GALLERY INDEX

Urban Formation

Related Staff : Tom Verebes

Studio Instructor: Tom Verebes
Digital Workshop: Andrew Haas
Structural Consultants: Kevin Ip, Ben Luk (Arup Hong Kong)
Transportation: Glenn Frommer (MTR)
Students: Chan Fong Tong Fred, Chan Po Yu Bowie, Ho Sheung Hay Terence, Ko Pak Kan Zeth, Kwok Wing Shan Mandy, Lai Ka Chung Lawrence, Lam Nathaniel Tiu, Lee Ka Chun James, Leung Sze Ling Pan, Ma Yue, Ng Ching Yee Katie, Zhu Tengfei

“We find that everything is in ceaseless flux. This is why our language makes such frequent use of the term ‘Bildung’ to designate what has been brought forth and likewise what is in the process of being brought forth.”

Johann Wolfgang von Goethe, Form and Transformation, 1806

Through the understanding of urban form as the outcome of the forces which continually shape it, this studio continued to pursue a Distinctive Urbanism, predicated on the design of unique and memorable spatial experiences. We aimed to harness urban complexity by riding its ebbs and flows, to grasp the city’s networked associations, which are most often generated and formed as much from the bottom up, as from the top down.

This studio experimented with a behaviour-based approach to the generation of architectural form, through meticulous attention given to the dynamics of how physical forces generate and articulate organisational properties. The tradition of experimental material practices, and design engineering approaches to architecture, assume matter has the potential to self-compute its state-space. The studio focused on precedents of tensile and compressive structures, transforming this knowledge into the possibility of discovering new arrangements, spaces, uses and institutions. As a method of generating structures, “form-finding “prototypes were constructed to calculate and resolve forces in analogue material models, and to recognise, record and analyse patterns and tendencies. We found spatial order (and meaning) through design intelligence generated from action and matter.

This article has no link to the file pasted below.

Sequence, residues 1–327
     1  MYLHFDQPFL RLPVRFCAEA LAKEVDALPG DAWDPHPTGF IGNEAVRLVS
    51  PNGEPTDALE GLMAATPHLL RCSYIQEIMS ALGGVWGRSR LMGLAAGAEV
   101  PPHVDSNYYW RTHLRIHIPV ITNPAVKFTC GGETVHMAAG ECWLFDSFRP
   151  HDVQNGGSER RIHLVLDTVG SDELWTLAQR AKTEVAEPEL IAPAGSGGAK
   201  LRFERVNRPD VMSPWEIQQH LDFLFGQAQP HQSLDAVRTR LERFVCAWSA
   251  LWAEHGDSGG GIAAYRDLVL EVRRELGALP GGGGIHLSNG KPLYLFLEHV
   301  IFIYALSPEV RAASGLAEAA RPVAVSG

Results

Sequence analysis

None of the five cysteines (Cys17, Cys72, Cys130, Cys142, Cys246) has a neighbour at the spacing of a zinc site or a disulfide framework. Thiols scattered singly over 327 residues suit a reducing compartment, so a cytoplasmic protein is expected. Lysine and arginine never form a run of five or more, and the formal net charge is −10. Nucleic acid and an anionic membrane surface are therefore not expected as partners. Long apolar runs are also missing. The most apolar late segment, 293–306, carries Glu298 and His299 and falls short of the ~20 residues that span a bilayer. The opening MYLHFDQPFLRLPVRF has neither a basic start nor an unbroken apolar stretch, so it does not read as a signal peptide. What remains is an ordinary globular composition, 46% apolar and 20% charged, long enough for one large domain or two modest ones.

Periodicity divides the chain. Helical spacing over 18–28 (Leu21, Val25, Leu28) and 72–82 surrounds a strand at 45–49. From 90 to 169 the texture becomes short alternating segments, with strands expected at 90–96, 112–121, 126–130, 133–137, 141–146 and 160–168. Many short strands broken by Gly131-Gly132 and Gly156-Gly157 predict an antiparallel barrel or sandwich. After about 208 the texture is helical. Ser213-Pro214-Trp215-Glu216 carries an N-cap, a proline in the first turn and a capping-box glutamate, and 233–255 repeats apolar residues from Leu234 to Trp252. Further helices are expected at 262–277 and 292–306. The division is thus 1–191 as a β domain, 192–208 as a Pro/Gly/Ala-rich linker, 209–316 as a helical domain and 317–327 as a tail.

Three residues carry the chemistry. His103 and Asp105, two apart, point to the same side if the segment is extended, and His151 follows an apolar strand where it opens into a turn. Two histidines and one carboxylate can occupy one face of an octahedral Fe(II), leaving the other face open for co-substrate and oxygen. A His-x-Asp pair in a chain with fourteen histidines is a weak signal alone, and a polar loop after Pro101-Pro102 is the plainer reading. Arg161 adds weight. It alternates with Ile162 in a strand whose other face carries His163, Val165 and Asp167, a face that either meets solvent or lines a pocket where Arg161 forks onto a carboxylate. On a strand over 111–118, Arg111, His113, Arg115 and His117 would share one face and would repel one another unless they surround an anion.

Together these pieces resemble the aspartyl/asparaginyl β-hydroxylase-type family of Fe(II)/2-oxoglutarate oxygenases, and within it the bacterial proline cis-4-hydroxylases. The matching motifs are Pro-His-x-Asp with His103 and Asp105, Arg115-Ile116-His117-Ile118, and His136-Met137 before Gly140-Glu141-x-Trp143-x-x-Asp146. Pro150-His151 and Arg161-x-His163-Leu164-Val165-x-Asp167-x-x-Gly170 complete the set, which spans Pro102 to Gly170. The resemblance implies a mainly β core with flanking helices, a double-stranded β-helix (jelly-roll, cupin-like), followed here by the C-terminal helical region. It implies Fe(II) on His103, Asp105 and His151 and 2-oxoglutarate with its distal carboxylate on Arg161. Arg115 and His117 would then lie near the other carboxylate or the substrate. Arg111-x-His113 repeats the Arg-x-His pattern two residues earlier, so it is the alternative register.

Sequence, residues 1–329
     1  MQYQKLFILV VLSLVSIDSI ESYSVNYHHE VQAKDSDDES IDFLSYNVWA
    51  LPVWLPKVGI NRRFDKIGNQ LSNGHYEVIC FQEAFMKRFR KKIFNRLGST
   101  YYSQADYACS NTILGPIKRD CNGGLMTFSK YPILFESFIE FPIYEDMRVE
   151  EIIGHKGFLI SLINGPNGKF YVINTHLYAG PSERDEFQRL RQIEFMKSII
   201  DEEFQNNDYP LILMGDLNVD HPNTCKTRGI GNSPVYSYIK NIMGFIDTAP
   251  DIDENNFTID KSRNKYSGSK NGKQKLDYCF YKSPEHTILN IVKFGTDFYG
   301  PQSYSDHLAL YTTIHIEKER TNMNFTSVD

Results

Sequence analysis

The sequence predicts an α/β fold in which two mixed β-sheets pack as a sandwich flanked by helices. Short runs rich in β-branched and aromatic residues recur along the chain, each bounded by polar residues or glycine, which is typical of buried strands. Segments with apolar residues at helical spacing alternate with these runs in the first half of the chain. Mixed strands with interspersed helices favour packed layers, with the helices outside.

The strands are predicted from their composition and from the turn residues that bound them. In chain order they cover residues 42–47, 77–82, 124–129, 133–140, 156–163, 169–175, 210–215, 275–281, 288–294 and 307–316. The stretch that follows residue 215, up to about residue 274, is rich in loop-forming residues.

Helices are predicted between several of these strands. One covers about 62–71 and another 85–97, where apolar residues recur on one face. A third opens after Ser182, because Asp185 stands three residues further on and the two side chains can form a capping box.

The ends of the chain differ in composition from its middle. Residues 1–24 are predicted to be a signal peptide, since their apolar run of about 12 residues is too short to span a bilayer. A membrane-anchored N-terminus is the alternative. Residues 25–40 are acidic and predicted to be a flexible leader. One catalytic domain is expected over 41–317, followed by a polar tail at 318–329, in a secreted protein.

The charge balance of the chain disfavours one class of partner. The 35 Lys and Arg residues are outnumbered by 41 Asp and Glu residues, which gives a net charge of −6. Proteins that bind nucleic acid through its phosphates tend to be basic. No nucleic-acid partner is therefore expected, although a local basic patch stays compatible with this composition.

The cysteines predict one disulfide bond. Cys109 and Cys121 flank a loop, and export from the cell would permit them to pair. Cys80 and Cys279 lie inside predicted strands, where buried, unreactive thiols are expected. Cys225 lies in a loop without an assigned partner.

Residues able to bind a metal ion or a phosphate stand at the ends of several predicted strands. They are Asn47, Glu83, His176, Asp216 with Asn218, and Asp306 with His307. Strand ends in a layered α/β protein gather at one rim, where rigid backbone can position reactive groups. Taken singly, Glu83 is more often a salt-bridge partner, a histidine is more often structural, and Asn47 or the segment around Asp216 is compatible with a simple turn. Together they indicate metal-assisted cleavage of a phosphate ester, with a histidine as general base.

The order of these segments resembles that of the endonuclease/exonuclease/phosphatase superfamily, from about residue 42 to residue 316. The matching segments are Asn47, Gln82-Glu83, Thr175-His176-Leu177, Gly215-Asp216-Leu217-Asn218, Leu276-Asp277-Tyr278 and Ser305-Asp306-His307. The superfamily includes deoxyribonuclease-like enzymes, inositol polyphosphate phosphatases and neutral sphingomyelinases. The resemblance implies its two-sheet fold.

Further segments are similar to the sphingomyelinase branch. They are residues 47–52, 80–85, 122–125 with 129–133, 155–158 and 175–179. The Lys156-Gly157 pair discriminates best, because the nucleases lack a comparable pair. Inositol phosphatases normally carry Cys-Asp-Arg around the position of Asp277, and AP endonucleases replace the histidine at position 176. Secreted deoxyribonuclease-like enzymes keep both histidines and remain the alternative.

The form finding experiments were channeled towards a comprehensive design proposal for a unique identity for the a 7Ha infrastructural site in the Umekita Area in Osaka, Japan. The projects were informed by qualities and metrics, of the surrounding contextual urban morphologies, typologies, densities and programming, as well as the complexities of infrastructural flows on, above and below ground. The proposals negotiated the structural and infrastructural constrains of the site, modeling the three-dimensional and sectional qualities of the existing and future infrastructure and pedestrian spaces.

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UNIVERSITY OF HONG KONG
FACULTY OF ARCHITECTURE